When You Say “I’ll Pray”

Is perhaps one of the most common sins among Christians the quick declaration of “I will pray for you” and never a word is spoken? With the overwhelming use of social media for a myriad of purposes, including the posting of prayer requests and concerns, Christians tend to quickly respond with a simple comment promising their commitment to pray on behalf of the person involved. I wonder how often these comments are actually followed up by a sincere prayer.

All of us from time to time may forget a prayer commitment we made to another person. For most of us, however, expressing our intention to pray is not an isolated occurrence. I dare say most Christians will express their promise to pray for another person at least once a day. This happens through a text message or on a phone call or over lunch or on Facebook. Not only do we break our word when we fail to keep our promise, an action the Bible speaks of quite seriously, but we also deny the person the power of our prayer to God. Prayer is war. And your prayer for that person is another round of artillery in a desperate battle.

As the New Year is coming closer, here are a few things I try to do (albeit, not always successfully) to keep my promise to pray.

1. Pray Immediately. This is the most important principle to implement. Prayers do not have to be 10 minutes long to be effective. When you write “I’m praying for you” or tell that person in church “I’ll pray”, do it right then. Bow your head at the keyboard or grab the person by the shoulder and start praying. This is my #1 defense from breaking my prayer promise and you will find it to be not only effective in keeping your promises, but also a way to keep your prayer life active every day. Got it? Pray on the spot.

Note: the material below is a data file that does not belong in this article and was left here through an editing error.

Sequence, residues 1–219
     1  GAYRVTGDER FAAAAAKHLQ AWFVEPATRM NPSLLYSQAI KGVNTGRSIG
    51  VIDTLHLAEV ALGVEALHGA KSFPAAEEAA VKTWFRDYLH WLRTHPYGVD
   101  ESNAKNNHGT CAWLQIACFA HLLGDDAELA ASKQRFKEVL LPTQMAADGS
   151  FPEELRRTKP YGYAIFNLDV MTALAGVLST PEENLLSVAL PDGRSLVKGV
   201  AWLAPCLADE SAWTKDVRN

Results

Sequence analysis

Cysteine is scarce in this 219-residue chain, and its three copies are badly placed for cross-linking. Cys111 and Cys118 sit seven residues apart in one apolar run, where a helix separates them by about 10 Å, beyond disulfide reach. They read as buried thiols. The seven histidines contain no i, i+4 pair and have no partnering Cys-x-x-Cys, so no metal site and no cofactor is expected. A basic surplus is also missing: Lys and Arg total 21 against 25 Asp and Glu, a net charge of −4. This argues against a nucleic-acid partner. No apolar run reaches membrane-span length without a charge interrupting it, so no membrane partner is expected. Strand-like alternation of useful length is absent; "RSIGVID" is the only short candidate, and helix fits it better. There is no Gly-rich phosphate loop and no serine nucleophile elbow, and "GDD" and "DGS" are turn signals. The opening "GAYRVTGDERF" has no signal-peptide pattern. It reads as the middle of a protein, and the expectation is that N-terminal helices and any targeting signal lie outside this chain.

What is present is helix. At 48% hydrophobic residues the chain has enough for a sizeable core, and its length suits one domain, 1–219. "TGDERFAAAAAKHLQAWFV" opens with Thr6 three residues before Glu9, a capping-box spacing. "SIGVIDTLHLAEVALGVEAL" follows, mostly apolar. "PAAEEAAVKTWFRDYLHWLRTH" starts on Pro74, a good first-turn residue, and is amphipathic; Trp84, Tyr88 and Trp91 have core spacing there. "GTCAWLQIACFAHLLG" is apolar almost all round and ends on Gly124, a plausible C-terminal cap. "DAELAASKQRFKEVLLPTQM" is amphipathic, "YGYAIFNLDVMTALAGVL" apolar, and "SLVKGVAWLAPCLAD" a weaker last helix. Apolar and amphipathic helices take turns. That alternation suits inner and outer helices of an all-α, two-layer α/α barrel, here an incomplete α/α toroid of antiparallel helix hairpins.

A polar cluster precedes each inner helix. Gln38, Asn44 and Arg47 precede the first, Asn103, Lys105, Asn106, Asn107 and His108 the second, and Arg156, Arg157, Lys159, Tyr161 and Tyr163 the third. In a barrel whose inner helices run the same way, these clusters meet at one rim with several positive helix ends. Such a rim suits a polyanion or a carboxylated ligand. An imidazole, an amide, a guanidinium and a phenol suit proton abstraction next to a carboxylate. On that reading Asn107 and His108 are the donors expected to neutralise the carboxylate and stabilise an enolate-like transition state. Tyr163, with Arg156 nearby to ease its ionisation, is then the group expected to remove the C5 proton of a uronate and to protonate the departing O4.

2. Ask the person to text or email you the request. If you are somewhere where immediate prayer is not an option (which is very rare), ask the person to email or text you the request. Then, when you read that email or text a bit later, go to point #1.

3. Don’t be overwhelmed. Praying for a person does not mean you have to pray everyday at the same time for 5 years. A commitment to pray may be one prayer on their behalf.

4. Keep a prayer journal. This not only helps you keep track of requests, but also gives you the opportunity to write in your journal when God answers the request. This is one of the great mistakes of our prayer life – not recognizing when God responds.

5. Don’t let the phrase “I’ll pray” be a cop out. Sometimes we agree to pray for someone as a way to avoid actually investing time to listen, talk, and draw close. If you say “I’ll pray” primarily as a way to end the conversation, then there are other issues at stake.

 

 

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